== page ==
The setting is the time, place, and culture in which the narrative’s action takes place. In ‘‘With All Flags Flying,’’ the setting is contemporary time (the early 1970s) in Baltimore and Baltimore County. Many of Tyler’s works take place in Baltimore, where the author has made her home for many years. She draws on her personal knowledge of the city and its surrounding areas in this story and her other fiction. For example, the description of the superhighway, the location of Clara’s home and its contents, and perhaps the old folks’ home all reflect Tyler’s relationship with the area and enhance her portrayal of her setting.
In ‘‘With All Flags Flying,’’ Mr. Carpenter is the story’s protagonist. A protagonist is the central character of a fictional work who serves as the focus of a story, its themes, and gives meaning to its development. Carpenter is the primary character in the short story. It is he who realizes that he is too weak to live alone any more and works to ensure that the last years of his life are spent in the manner in which he desires. For Carpenter, that means having a positive relationship with his daughters and their families but living in an old folks’ home with few possessions. It is this quest that informs the development of the story.
Brand Names and Visual Images
Another characteristic of Tyler’s fiction which can be found in ‘‘With All Flags Flying’’ is her use of specific details to add character and depth to her stories. Tyler often uses specific product brands in her descriptions. For example, in ‘‘With All Flags Flying,’’ Carpenter packs Fig Newtons in his paper sack and eats them. Later, in her description of Francie, Tyler specifically mentions ‘‘Band-Aids,’’ while Carpenter wonders on his way to the home, ‘‘Whatever happened to DeSotos?’’ Tyler’s use of informative details expands beyond such brand names to descriptions that provide vivid visual images. In the beginning of ‘‘With All Flags Flying,’’ for example, it becomes easier to imagine Carpenter because of her description of his outfit: ‘‘He was wearing a brown suit that he had bought on sale in 1944, a white T shirt and copper-toed work boots.’’ Tyler employs similarly lucid descriptions of minor details throughout the story to enhance its depth and meaning.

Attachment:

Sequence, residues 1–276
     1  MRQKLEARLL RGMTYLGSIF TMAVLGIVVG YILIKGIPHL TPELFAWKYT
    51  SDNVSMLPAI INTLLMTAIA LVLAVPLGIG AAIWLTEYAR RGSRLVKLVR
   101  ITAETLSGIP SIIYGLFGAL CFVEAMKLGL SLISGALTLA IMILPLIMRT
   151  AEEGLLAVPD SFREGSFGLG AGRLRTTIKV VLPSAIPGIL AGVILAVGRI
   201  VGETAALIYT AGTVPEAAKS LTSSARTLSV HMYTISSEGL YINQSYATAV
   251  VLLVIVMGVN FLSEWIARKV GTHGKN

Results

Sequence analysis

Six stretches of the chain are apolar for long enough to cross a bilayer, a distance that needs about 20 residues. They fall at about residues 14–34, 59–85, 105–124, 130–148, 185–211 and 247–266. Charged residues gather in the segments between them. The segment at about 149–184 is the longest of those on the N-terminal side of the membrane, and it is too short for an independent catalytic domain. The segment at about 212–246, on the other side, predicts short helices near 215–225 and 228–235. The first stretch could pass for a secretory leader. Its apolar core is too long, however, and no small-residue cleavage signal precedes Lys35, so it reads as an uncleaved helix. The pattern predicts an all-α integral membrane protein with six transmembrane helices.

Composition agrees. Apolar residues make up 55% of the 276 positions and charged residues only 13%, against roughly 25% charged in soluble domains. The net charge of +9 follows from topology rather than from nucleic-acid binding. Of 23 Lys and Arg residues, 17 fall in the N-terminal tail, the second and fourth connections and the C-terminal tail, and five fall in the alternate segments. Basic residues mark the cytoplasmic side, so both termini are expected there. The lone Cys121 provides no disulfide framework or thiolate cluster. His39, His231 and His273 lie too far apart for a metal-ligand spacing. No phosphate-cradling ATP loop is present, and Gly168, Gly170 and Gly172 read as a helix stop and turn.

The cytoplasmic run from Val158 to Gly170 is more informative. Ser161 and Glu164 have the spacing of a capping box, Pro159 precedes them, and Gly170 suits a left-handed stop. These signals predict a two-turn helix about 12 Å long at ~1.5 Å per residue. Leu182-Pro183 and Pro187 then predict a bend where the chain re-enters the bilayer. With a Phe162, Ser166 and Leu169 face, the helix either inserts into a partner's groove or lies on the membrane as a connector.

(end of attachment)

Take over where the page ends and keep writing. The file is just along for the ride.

In a work of fiction, the conflict is the issue that is to be resolved in the story. In ‘‘With All Flags Flying,’’ there are several conflicts, all of which revolve around Mr. Carpenter. One conflict is internal and focuses on his coming to terms with his aging. While he is not happy that has become weak and unable to live alone, he is determined to fight it through actions like walking to his daughter’s house, using walking as an exercise while living at Clara’s, and determining how he will spend his last years. Another conflict is between Carpenter and his family. He believes his best course of action is to live in an old folks’ home. However, his daughter Clara, her family, and Carpenter’s three other daughters do not want him to live in such a home as they are all happy to have him live with them. Carpenter is forced to be in conflict with them over the issue but remains firm in the face of their efforts. The conflict here is not without love and understanding. Carpenter loves his family and is proud of how his daughters turned out, but he wants to live in an old folks’ home and gets his way in the end. Though this conflict is resolved, his internal conflict continues at the story’s end.
Sara Constantakis – Short Stories for Students – Presenting Analysis, Context & Criticism on Commonly Studied Short Stories, vol. 31, Anne Tyler, Published by Gale Group, 2010